And here’s to my friend Jason, without whom I would not have found this great new recipe!


Vegan Fall Crostata

For the crust (makes one):

1 1/4 cup white flour
1 stick vegan butter (or regular butter)
pinch salt
2 Tbsp ice water
1 to 2 Tbsp iced vodka

Make sure all ingredients are very cold – freeze the vegan butter a couple of hours before using. Place flour, salt and vegan butter in food processor and pulse until the mixture resembles coarse breadcrumbs. With the machine on, add water and vodka until the dough gathers into a ball. Use a little more or less liquid, as needed. Remove dough from machine, knead briefly, form into a flattened ball, wrap in plastic and refrigerate until ready to use, at least 30 min.

For the filling:

1 large sweet potato
1 large red onion
1/2 bunch kale
1 tsp crushed rosemary
1 tsp thyme
1 clove garlic, minced
3 Tbsp olive oil
salt and pepper to taste

Peel, wash, dry and cut the sweet potato in 1″ cubes. Peel and quarter the onion. Place vegetables in a large bowl with salt, pepper, rosemary and thyme. Add 2 Tbsp olive oil and toss. Place vegetables on a backing sheet and roast in preheated 375 oven until sweet potatoes are golden, about 35 min.

A perfect color combination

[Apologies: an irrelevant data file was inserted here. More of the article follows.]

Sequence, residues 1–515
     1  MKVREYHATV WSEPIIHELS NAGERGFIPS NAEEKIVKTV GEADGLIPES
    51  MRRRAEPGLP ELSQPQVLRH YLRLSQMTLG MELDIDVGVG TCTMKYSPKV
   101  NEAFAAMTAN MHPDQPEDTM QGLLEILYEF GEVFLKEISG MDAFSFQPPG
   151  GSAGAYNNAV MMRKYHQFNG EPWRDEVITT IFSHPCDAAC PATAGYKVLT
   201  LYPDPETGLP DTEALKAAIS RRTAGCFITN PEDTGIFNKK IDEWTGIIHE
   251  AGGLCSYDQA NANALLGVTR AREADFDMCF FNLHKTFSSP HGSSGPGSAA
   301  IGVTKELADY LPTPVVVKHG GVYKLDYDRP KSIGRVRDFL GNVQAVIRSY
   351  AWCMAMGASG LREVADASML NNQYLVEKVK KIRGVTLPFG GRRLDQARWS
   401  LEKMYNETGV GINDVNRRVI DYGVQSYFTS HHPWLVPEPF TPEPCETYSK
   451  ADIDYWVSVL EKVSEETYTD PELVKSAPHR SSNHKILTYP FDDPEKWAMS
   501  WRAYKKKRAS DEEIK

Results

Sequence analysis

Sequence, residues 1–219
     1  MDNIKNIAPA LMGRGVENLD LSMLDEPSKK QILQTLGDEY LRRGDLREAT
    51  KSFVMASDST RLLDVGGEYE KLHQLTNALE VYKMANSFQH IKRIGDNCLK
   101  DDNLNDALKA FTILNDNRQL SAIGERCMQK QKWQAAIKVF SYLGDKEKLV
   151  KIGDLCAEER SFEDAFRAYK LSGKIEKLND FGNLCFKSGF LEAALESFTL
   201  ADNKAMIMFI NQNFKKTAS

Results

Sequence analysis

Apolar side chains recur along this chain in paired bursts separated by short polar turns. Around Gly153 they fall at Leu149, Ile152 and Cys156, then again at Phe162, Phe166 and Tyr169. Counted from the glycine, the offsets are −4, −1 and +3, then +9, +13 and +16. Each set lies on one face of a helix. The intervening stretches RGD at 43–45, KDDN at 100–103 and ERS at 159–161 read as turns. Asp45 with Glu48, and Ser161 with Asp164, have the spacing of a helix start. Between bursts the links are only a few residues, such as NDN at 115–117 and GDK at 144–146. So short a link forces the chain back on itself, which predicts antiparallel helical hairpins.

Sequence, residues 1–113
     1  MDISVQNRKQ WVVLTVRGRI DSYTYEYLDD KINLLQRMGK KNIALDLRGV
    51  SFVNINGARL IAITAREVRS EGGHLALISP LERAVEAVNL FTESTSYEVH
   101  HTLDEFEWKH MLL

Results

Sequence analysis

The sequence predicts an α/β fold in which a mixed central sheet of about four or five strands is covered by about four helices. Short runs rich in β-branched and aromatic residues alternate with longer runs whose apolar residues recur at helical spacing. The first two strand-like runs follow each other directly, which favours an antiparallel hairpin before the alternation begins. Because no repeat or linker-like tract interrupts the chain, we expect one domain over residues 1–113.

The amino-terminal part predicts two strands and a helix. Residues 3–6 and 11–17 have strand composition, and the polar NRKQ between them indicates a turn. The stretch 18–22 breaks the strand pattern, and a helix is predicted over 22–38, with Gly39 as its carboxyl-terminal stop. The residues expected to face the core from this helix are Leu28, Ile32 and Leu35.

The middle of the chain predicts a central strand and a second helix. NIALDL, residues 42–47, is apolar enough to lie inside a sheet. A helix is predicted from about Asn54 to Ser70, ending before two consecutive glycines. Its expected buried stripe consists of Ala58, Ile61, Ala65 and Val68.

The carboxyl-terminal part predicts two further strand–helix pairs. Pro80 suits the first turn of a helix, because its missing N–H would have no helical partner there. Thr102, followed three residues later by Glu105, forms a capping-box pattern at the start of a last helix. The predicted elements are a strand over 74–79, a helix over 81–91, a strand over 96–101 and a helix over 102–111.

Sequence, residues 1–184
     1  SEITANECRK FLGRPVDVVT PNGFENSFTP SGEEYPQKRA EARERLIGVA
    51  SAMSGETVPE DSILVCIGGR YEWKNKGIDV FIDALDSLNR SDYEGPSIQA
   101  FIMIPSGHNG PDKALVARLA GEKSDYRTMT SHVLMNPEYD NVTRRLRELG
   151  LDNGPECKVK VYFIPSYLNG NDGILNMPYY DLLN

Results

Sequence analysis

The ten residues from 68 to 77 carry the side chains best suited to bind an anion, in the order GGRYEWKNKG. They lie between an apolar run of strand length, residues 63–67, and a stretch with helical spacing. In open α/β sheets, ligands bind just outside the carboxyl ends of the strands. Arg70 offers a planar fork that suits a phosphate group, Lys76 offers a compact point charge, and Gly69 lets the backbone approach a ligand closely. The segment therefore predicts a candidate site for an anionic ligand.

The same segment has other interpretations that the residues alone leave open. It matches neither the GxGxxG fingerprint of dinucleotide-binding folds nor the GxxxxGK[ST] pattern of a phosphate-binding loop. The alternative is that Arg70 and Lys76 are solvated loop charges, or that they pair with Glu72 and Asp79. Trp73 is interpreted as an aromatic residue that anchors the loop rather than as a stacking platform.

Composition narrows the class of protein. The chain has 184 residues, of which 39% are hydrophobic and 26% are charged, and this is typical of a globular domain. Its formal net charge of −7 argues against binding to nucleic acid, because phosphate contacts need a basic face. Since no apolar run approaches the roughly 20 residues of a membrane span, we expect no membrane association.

Remove tough stems from kale, wash (do not dry) and cut into thin strips (this is called a chiffonade). Put 1/4 cup water in a large saute pan along with the kale. Cover. Over medium heat, steam the kale in the pan until wilted, about 10 min. Uncover and let the water evaporate. Add 1 Tbsp olive oil, salt, pepper and garlic. Let the mixture sauté for another 7-8 min. until fragrant and soft.

Mix cooked kale and roasted vegetables in a bowl and set aside.

I love this blend of flavors and textures.

Roll out dough to about 1/4″ thickness on a floured, clean surface. Place dough on baking sheet. Put vegetables in the center and bring sides over.

Can you keep a secret? I made two crostatas, and put some goat cheese on the second...

See? It's like freestyle jazz, but easier to digest.

Do not worry if your crostata is not perfectly round; it is supposed to look rustic and “imperfect”. Drizzle a little bit of olive oil over the top if you like,and bake in a 350 oven for about 40 min, until done.

Oooooh! Aaaaaah!

Serve with a mixed salad and enjoy!


2 responses so far

2 Responses to “It Happened Last Night”

  1. Emilyon 18 Dec 2011 at 10:12 am

    This recipe comes at the perfect time! I’ve been contemplating “going vegan” for a while now and decided the New Year is the perfect time to start. I can’t wait to try this recipe!


  2. Christineon 18 Dec 2011 at 4:15 pm

    I’m glad to hear it! I would not want to go vegan all the time, but it’s actually much easier to do than I thought.